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GNSS occultation sounding for climate monitoring

Steiner, A.K., Kirchengast, G., Foelsche, U., Kornblueh, L., Manzini, E. and Bengtsson, L. (2001) GNSS occultation sounding for climate monitoring. Physics and Chemistry of the Earth, Part A: Solid Earth and Geodesy, 26 (3). pp. 113-124. ISSN 1464-1895

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To link to this item DOI: 10.1016/S1464-1895(01)00034-5


Considerable efforts are currently invested into the setup of a Global Climate Observing System (GCOS) for monitoring climate change over the coming decades, which is of high relevance given concerns on increasing human influences. A promising potential contribution to the GCOS is a suite of spaceborne Global Navigation Satellite System (GNSS) occultation sensors for global long-term monitoring of atmospheric change in temperature and other variables with high vertical resolution and accuracy. Besides the great importance with respect to climate change, the provision of high quality data is essential for the improvement of numerical weather prediction and for reanalysis efforts. We review the significance of GNSS radio occultation sounding in the climate observations context. In order to investigate the climate change detection capability of GNSS occultation sensors, we are currently performing an end-to-end GNSS occultation observing system simulation experiment over the 25-year period 2001 to 2025. We report on this integrated analysis, which involves in a realistic manner all aspects from modeling the atmosphere via generating a significant set of stimulated measurements to an objective statistical analysis and assessment of 2001–2025 temporal trends.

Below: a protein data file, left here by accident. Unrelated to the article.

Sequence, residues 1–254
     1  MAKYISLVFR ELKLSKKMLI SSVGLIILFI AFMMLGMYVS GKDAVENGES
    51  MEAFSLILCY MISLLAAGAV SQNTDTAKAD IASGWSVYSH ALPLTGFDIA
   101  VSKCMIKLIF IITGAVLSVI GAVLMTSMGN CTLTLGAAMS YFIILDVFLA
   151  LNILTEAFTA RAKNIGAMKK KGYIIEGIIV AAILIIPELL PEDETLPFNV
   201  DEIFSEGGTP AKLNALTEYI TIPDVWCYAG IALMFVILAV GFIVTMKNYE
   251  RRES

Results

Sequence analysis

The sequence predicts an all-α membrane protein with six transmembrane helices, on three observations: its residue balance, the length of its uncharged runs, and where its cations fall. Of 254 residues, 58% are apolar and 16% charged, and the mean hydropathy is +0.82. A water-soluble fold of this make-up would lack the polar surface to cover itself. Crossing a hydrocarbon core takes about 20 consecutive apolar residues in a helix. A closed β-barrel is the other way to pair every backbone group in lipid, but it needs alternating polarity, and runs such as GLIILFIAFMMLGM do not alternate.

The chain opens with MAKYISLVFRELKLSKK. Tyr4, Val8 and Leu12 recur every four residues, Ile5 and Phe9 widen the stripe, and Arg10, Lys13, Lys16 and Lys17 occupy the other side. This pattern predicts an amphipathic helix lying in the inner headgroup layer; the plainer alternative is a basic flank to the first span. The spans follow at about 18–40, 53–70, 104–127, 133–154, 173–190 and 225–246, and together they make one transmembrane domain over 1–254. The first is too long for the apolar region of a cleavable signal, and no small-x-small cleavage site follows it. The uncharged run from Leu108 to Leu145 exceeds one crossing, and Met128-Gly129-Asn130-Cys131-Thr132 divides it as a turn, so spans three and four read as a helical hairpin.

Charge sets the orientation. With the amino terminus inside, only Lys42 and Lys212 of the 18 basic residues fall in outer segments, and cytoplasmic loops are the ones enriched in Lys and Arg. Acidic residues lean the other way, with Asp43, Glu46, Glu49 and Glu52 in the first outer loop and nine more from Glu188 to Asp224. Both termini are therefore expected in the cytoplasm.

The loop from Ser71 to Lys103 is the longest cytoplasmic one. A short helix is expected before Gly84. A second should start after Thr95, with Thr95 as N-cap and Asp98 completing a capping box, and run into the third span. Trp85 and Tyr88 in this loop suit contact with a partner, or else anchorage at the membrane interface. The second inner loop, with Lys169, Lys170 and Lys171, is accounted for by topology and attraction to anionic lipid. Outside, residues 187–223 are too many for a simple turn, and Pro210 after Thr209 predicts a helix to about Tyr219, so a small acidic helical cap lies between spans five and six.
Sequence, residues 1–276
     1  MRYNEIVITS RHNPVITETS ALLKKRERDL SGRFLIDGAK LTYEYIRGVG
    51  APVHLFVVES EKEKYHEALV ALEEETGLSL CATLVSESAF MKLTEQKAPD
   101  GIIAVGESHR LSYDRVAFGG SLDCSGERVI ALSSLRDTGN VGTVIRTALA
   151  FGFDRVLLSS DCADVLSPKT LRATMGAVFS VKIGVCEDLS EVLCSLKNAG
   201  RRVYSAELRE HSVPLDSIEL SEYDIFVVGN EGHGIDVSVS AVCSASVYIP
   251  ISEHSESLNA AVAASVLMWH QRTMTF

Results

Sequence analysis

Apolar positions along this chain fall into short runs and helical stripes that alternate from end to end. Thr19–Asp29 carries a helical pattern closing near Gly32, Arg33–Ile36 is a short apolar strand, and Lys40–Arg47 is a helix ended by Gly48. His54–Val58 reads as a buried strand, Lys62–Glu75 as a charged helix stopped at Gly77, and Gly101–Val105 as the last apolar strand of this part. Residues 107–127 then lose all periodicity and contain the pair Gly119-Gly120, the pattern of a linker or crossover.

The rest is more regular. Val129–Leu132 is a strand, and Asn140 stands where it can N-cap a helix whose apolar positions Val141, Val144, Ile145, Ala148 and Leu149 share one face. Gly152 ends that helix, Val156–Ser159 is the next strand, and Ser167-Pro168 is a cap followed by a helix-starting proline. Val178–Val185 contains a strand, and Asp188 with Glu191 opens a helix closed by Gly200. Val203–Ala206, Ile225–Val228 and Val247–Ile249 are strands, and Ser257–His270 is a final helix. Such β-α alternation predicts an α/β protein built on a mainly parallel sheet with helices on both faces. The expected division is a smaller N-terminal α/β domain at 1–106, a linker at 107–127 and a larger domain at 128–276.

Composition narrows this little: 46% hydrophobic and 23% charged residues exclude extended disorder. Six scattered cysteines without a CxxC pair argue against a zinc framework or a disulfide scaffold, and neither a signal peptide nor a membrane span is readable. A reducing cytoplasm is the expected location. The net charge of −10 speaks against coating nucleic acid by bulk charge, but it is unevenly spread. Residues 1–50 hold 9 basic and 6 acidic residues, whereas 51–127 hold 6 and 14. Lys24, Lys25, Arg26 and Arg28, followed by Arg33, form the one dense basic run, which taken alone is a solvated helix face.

Item Type:Article
Divisions:Science > School of Mathematical, Physical and Computational Sciences > Department of Meteorology
ID Code:31663

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